‘My partner is acting like my carer when I want him to be my lover’
Tell Me About It: ‘His hypervigilance about my mental health is causing me more stress
“I need him as my lover, my friend and my supporter – but certainly not my carer.” Photograph: iStock
I am a 31-year-old woman; I have a really good job and more or less a fantastic life. I met my partner three years ago and we got engaged six months ago. We plan to get married early in spring.
However, my life has not always been so wonderful. When I was 23, I had a very brief but very traumatic psychotic episode. I spent two weeks in a psychiatric hospital during which time I felt low, heard voices and had some very unusual thoughts. Before this happened I had just finished my college exams and was going through a relationship break-up from my childhood sweetheart. My psychologist and psychiatrist attributed my brief illness to stress.
However, I do have a strong family history of mental illness, so have always been conscious that I may be vulnerable to such experiences. Since I was discharged I have attended regular appointments with a psychiatrist, completed a programme of CBT and developed a WRAP (Wellness Recovery Action Plan).
I have never let this one incident define me and in fact I didn’t tell my partner that I had been hospitalised until just after we got engaged and started to talk about having children. I realised I should have told him earlier and I don’t think I was ashamed, I just never really felt it was that significant. He did know that I had some mental health difficulties in the past, just not the extent of the issues. He was completely supportive, and that is actually the issue. He has now started to treat me like someone who is sick; he checks that I have taken my medication every day. He is terrified that I get stressed and he has stopped telling me about difficulties that he is having at his work. He has even started to take over all of the wedding planning in case it “over-stimulates me”.
His hypervigilance is causing me more stress. I am still the same person I was when he met me. I am aware that I am more likely than most to experience psychosis again, but I need him as my lover, my friend and my supporter – but certainly not my carer.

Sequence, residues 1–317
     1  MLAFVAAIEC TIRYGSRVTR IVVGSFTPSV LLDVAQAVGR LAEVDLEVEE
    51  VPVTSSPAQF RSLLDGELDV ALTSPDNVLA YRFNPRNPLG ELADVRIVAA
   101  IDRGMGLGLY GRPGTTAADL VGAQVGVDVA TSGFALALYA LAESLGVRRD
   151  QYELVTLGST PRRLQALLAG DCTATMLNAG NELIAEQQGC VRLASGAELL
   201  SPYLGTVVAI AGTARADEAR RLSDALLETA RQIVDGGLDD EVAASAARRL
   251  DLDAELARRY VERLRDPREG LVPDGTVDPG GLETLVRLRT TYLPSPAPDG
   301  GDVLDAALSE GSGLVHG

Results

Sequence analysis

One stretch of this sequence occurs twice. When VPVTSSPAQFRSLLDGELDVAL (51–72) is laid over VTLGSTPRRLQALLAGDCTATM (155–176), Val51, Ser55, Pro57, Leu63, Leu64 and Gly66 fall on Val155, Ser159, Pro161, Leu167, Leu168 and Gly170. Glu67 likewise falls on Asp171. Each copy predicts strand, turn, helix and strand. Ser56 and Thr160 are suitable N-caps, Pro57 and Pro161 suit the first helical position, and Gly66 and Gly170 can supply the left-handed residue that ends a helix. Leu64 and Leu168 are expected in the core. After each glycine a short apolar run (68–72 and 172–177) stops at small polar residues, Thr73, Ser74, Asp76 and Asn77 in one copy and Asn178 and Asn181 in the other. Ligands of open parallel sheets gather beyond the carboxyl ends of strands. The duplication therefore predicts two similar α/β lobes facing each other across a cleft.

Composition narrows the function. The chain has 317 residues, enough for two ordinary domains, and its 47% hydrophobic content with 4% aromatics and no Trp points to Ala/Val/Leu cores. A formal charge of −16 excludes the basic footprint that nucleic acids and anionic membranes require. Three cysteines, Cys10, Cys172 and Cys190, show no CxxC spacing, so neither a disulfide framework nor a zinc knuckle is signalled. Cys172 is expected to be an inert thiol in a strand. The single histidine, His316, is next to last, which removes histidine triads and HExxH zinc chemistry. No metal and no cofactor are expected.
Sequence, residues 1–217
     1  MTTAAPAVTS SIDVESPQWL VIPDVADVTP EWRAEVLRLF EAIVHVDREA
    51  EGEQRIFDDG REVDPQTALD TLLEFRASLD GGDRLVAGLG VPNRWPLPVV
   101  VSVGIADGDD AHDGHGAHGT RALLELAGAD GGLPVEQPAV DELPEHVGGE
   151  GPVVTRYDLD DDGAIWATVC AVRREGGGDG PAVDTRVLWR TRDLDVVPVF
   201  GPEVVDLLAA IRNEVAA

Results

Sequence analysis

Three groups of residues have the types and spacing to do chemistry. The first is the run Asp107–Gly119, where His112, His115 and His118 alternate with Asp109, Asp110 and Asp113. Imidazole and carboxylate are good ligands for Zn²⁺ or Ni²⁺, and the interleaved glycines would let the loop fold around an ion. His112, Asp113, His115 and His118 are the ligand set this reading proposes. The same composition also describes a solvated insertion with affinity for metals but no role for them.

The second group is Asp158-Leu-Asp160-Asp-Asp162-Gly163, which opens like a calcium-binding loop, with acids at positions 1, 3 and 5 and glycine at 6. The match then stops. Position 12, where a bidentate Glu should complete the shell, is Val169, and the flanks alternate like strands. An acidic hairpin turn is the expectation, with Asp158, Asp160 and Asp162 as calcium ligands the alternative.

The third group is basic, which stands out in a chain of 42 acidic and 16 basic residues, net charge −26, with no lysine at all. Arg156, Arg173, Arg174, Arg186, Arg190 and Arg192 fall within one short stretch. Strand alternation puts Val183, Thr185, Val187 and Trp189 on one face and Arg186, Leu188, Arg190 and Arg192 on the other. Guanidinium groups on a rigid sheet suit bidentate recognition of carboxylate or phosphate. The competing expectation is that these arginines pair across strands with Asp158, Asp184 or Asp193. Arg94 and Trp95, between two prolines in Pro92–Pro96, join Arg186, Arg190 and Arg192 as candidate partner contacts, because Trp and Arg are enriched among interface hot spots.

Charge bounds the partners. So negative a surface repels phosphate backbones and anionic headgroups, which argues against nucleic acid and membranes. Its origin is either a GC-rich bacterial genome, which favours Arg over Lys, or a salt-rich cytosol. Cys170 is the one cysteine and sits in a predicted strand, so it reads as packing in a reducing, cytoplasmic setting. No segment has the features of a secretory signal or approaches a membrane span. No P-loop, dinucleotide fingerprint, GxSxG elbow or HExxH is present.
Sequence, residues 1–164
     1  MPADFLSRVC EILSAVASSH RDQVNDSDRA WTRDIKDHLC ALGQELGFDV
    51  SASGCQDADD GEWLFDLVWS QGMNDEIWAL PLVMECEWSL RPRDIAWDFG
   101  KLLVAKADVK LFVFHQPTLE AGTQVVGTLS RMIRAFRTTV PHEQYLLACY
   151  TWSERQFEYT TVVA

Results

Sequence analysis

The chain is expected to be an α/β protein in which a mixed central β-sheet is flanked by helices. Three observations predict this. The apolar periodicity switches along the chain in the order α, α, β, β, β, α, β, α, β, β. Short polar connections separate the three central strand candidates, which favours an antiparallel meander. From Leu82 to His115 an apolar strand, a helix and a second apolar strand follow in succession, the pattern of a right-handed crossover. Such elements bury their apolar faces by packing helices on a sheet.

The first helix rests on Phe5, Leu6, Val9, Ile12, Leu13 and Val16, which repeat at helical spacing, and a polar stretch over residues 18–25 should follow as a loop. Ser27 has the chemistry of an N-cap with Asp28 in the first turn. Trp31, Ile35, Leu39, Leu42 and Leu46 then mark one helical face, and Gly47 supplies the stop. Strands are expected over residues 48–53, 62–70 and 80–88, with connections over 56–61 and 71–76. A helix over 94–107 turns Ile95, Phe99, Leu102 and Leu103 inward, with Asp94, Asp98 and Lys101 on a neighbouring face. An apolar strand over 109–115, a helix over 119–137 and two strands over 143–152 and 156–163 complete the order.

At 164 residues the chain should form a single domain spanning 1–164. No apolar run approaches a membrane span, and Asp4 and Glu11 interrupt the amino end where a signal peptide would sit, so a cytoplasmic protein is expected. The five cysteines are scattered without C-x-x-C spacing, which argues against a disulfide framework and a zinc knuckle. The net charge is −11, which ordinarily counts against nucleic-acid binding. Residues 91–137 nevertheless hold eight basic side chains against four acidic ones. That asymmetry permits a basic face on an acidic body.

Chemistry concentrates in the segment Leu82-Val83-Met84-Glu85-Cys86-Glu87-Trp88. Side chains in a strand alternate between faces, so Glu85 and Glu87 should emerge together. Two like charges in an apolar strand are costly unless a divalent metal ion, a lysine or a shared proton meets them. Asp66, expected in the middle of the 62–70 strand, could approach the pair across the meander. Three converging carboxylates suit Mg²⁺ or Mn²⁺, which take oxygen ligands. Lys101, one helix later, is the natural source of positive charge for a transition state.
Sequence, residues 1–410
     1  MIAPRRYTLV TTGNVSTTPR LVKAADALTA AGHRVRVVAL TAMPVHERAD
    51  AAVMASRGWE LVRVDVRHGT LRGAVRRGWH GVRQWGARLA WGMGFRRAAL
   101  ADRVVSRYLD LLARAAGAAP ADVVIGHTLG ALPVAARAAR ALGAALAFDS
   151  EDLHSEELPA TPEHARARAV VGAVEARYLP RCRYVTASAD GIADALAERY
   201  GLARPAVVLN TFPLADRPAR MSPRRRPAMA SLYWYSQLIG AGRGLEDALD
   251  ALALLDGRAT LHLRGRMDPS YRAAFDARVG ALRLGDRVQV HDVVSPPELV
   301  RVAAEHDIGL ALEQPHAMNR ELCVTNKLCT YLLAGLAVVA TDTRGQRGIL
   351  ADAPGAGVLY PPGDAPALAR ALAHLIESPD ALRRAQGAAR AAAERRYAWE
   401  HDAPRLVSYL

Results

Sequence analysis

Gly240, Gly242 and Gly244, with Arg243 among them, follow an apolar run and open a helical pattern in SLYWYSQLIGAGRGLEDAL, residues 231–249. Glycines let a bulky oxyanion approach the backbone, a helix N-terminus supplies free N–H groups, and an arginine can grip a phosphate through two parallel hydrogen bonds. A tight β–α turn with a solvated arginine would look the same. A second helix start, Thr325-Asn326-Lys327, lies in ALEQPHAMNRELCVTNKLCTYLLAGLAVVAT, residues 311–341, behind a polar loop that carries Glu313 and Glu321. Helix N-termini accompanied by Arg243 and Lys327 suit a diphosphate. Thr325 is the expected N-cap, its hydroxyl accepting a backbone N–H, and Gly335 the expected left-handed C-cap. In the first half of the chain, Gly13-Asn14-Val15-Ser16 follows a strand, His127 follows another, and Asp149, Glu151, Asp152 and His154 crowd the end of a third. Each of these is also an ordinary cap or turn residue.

You are right that you need a lover and a friend and not a carer but your partner needs to learn more about your capacity to manage your own condition and not live in fear of you relapsing.
He feels very protective of you and this may have been his way of expressing his love but now this has taken on a claustrophobic aspect on your life. He is probably doing his best to care for you but he does not realise that this type of care is denying you your own self-agency and self-management. No doubt you have tried to explain this in as caring fashion as you can but it seems he has been unable to hear of your frustration and if the situation continues the relationship will be put under unnecessary strain.
You have not only accepted your psychotic episode but you have taken full responsibility for your wellbeing – this is the main factor in anyone’s recovery. This is also what you want in terms of good parenting: self-awareness and an ability to address whatever issues arise. Your future husband could relax in the knowledge that he will have a partner who will be able to take care of herself when the need arises. However, the fact that it took you so long to reveal your past may now be having an effect. Your partner may believe that you will hide things from him and so he is becoming over-vigilant. He may also lack knowledge of psychosis and what it means and so good communication is what is needed.
It might be good to put time aside for you both to address this fully: you could both write down all the fears you have and then take each one seriously and delve into them until there is full understanding. You do not have to fix or answer each fear but rather organise to come back again to the conversation with reflections or further questions. Try to be as explicit about the fears as you can, ie your fear that he may stifle you to the point of infantilising you or his fear that if you have children, you will not be able to cope. It may be that your partner will need the inclusion of professional advice so that he can allay his fears. Is it possible to contact your previous psychiatrist or psychologist and ask to meet with them with your partner? This would not only offer an objective opinion but would demonstrate the commitment both of you have to your future relationship.
This is the first big bump on the journey of your relationship and the measure of the robustness of what you have will be demonstrated in your willingness to engage fully in what is happening and in your willingness to withstand the difficulties.